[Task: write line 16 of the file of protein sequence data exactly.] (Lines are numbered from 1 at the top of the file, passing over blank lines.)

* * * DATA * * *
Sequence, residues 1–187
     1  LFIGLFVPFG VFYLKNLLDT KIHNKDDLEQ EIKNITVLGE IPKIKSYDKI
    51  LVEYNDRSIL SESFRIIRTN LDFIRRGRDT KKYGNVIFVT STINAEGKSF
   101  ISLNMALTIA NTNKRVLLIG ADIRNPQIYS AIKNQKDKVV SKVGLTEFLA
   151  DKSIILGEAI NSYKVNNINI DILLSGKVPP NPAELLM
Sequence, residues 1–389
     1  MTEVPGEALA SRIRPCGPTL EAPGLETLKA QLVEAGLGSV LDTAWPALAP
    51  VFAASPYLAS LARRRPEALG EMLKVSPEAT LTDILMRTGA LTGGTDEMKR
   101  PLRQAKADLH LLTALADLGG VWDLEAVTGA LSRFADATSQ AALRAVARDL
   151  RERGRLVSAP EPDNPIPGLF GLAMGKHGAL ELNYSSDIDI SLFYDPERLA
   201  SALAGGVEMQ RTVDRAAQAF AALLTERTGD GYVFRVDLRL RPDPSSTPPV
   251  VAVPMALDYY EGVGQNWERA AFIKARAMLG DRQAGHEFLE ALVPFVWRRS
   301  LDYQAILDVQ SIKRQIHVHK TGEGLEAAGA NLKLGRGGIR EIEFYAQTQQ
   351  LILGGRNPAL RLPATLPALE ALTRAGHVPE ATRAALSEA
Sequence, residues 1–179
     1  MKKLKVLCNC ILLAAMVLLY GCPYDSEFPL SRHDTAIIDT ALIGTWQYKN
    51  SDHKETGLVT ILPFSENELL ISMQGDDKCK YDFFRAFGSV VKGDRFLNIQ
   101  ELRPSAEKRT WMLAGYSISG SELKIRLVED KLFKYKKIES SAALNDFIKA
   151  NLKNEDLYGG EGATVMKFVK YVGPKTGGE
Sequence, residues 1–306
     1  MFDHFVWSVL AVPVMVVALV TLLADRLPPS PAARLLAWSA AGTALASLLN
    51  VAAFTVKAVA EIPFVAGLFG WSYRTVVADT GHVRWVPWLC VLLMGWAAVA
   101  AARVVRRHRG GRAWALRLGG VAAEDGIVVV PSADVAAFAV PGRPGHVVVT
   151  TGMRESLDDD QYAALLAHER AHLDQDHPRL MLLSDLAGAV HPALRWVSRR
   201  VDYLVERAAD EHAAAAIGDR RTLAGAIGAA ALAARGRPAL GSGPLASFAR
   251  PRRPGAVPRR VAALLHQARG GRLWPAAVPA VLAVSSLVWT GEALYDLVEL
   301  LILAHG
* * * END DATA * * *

     1  MKKLKVLCNC ILLAAMVLLY GCPYDSEFPL SRHDTAIIDT ALIGTWQYKN